Does Walking Through Doorways Cause Forgetfulness?

We’ve all been there: you’ve got a million things you’re trying to get done, you’re running behind, you walk through a door into another room to get something and… wait a minute, what are you looking for again? Son of a…

According to new research (PDF here) from Notre Dame psychology professor Gabriel Radvansky, passing through doorways actually does cause us to forget things because of the way the brain compartmentalizes information. Doorways, according to Radvansky, serve as “event boundaries in the mind.” The simple act of having to adjust to a new setting takes just enough mental effort to cause a break in short-term memory. “Recalling the decision or activity that was made in a different room is difficult because it has been compartmentalized,” says Radvansky. 

Radvansky’s finding is based on a series of experiments he conducted, in both real and virtual environments, using 55 Notre Dame students (31 female) as subjects. The results were published recently in the Quarterly Journal of Experimental Psychology. From a university press release:

In the first experiment, subjects used a virtual environment and moved from one room to another, selecting an object on a table and exchanging it for an object at a different table. They did the same thing while simply moving across a room but not crossing through a doorway.

Radvansky found that the subjects forgot more after walking through a doorway compared to moving the same distance across a room, suggesting that the doorway or “event boundary” impedes one’s ability to retrieve thoughts or decisions made in a different room.

The second experiment in a real-world setting required subjects to conceal in boxes the objects chosen from the table and move either across a room or travel the same distance and walk through a doorway. The results in the real-world environment replicated those in the virtual world: walking through a doorway diminished subjects’ memories.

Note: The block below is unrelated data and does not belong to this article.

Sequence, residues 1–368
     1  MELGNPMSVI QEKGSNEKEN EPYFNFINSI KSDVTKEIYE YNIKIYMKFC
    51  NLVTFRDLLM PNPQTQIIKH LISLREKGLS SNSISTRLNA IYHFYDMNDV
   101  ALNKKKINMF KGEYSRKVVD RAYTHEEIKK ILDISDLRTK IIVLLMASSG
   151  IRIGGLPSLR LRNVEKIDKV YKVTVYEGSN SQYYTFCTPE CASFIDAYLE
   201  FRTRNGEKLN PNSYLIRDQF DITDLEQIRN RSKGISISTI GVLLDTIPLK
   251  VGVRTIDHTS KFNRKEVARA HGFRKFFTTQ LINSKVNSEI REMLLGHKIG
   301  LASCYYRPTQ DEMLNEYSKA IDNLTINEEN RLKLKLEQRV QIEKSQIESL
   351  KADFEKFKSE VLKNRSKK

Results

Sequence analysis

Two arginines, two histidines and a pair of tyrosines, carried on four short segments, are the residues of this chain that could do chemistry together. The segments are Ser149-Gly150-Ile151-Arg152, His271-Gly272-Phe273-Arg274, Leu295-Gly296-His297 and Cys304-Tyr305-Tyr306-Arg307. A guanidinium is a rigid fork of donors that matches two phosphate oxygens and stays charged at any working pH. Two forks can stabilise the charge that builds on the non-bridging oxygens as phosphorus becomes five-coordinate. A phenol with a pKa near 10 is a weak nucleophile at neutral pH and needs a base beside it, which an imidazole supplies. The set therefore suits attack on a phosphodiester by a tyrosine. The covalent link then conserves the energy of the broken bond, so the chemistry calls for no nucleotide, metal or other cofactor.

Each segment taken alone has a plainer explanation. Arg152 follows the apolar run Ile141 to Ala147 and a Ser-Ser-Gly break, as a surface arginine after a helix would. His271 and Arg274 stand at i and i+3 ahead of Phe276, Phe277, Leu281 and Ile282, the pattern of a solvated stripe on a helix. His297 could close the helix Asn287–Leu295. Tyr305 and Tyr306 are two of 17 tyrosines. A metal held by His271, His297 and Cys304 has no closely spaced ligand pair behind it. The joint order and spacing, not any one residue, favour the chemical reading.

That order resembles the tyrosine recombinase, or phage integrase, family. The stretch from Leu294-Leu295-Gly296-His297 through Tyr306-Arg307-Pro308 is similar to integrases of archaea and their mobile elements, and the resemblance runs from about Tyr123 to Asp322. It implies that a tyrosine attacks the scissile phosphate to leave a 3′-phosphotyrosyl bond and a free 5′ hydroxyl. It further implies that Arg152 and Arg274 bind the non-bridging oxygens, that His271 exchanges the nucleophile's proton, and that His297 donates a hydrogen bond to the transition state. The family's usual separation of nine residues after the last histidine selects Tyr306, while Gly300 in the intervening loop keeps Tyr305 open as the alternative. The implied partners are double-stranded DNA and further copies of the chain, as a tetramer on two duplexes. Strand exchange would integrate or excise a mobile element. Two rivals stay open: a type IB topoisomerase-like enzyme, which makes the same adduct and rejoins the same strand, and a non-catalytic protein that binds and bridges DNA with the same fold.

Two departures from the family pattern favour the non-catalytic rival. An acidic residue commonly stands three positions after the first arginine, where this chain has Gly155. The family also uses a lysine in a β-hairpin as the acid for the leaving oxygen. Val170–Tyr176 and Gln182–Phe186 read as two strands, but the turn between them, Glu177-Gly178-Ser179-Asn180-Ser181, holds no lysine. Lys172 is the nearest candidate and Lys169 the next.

The final experiment was designed to test whether doorways actually served as event boundaries or if one’s ability to remember is linked to the environment in which a decision – in this case, the selection of an object – was created. Previous research has shown that environmental factors affect memory and that information learned in one environment is retrieved better when the retrieval occurs in the same context. Subjects in this leg of the study passed through several doorways, leading back to the room in which they started. The results showed no improvements in memory, suggesting that the act of passing through a doorway serves as a way the mind files away memories.


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  1. Jennifer says:

    This is such a small sample size to base these findings, and with that they probably fall within the same 10 year or so age range, since they were ND students. Plus in today’s technologically stimulated world, they could just be forgetting because of the 100’s of other things going on around them. I’ve always been told that if I walk through a doorway and forget something, I can usually recall what I was thinking if I walk back into that same room. It could be the brain subconciously having to process new information (the new room, smells, lights, sounds, etc.) where as going back into the room you originally processed the thought promotes the memory.

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  2. pshrnk says:

    State dependant memory is old news. Environmental context influences mental state. There is nothing new here.

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  3. Jim says:

    Excellent information. I often experienced and observed the inability to follow directions and reorient one’s self to a route after travelling in an elevator. I suspected all the cables disrupting unconscious magnetic alignments. Which I had to toss out when observing on shorter hydraulic only elevators. “Compartmentalization” aligns with the observations and offers another option for cause.

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  4. Eric M. Jones says:

    Hidden due to low comment rating. Click here to see.

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    • Dumbledorito says:

      Random thoughts are often amazing sources of creativity.

      Trying to constantly make your brain as unproductive as a blank sheet of paper isn’t appealing.

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  5. Bill Conerly says:

    For an example of forgetting why you entered a room,

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